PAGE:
Saturday, July 5, 2008

That Was Easy: Deviled Eggs

This tip came from my Mom, who got it from a friend who got it from her granddaughter. In other words, nothing original here, but if you don’t yet know about it and do make deviled eggs occasionally, you’ll thank me. I used to love deviled eggs when I was young, partly I think because they were something I could help with, but partly because there’s something simple and squishy and very appealing about these unlikely delicacies to a kid. My five-year-old nephew was once heard to say: “I was born … to eat … stuffed eggs!” My sentiments exactly. I can’t say I make deviled, or stuffed, eggs all that frequently these days, but I happened to get this tip on the Fourth of July, which seemed like an appropriately festive, homey occasion to try it out.

Hard-boil your eggs, as usual. (Incredible how many variations there are on hard-boiling eggs. I like the method where you put them in water, bring to a boil, then turn off the heat and let them sit, covered, for about 12 – 15 minutes. This results in beautifully bright-yellow yolks – especially nice for something like stuffed eggs where the yolks play such an important visual role in the final product.)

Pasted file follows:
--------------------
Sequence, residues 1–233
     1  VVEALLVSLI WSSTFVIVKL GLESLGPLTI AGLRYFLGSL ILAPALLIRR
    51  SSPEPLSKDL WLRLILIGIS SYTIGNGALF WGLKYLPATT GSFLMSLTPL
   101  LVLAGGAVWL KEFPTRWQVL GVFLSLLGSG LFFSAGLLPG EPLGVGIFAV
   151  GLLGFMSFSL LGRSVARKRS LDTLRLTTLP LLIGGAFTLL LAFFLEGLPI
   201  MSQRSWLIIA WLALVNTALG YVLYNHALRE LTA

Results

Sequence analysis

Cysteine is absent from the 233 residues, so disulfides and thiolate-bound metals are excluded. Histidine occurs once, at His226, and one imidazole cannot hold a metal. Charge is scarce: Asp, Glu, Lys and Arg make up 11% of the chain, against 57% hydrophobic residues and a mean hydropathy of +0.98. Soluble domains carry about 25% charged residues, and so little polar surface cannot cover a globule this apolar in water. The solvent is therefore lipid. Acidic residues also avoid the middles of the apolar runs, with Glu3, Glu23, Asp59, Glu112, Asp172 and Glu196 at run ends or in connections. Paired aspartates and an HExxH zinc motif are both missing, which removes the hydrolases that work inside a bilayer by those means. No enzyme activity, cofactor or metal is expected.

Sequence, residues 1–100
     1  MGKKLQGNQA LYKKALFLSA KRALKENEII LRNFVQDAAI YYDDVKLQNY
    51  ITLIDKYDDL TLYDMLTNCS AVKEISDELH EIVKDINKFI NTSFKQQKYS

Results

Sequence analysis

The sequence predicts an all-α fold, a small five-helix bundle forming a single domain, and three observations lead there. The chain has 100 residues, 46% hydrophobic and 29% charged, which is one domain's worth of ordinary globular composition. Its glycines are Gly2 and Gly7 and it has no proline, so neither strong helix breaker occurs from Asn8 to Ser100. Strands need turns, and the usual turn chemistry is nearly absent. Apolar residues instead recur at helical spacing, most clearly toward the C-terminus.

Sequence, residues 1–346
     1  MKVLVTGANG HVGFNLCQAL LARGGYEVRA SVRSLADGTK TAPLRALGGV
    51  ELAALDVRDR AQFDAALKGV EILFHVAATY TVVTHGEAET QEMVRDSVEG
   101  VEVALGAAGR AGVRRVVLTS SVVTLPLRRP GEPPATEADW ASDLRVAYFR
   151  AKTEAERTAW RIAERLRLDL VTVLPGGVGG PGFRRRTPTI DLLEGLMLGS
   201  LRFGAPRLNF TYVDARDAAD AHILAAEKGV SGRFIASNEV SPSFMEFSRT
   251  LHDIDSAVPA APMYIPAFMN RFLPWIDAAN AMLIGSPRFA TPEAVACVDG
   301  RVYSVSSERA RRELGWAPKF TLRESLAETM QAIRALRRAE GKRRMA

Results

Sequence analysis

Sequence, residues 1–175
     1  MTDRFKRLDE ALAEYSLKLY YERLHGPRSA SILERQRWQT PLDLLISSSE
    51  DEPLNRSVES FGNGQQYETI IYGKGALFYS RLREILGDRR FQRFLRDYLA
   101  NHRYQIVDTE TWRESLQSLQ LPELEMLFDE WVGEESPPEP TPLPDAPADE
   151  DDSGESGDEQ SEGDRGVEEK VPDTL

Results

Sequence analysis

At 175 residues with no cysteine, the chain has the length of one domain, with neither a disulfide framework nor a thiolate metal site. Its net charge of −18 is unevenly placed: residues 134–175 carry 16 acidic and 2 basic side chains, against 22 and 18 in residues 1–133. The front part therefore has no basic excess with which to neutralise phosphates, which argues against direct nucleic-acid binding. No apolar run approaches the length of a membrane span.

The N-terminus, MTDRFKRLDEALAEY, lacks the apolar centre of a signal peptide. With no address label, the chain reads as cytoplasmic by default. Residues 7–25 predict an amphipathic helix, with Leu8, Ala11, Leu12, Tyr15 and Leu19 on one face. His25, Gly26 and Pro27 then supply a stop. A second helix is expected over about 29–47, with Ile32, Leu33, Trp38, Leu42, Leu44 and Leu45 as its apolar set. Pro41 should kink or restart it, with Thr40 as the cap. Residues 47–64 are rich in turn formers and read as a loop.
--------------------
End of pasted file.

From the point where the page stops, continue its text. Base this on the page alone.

Immediately after the eggs have cooked, immerse them in ice water. This causes the whites to pull away from the shell and greatly speeds up the peeling process. After several minutes in their ice-water bath, the eggs are ready to be dried and peeled. Slice each egg in half lengthwise, and pop out the beautiful sunny yolks.

Now comes the trick: rather than mixing the filling in a bowl, drop the yolks into a small Ziploc bag. Add to the yolks whatever you choose – variations on deviled egg fillings abound, but I grew up doing them with just egg yolk, mayonnaise, Dijon mustard, salt and pepper. Then zip up the bag and smush away, mixing everything thoroughly, and opening occasionally to taste and adjust.

When the filling is properly mixed and seasoned, keep the bag closed but snip off one of the bottom corners. Holding the Ziploc like an icing bag, carefully squeeze equal amounts of filling into each of your egg whites. Obviously, the clean-up is now a snap, but what’s really great about this method is how much easier it is to neatly fill each egg cavity without residual filling on the plate, smeared on the rest of the egg, etc..
Sprinkle with paprika, or whatever garnish you prefer, and they’re ready to serve. I used Spanish Hot Paprika, which gave them a nice kick. They were delicious, as always. You wouldn't want to eat them all the time, but a deviled egg now and then is reassuringly tasty and familiar.

Lesson Learned: Well, the Ziploc trick, obviously.

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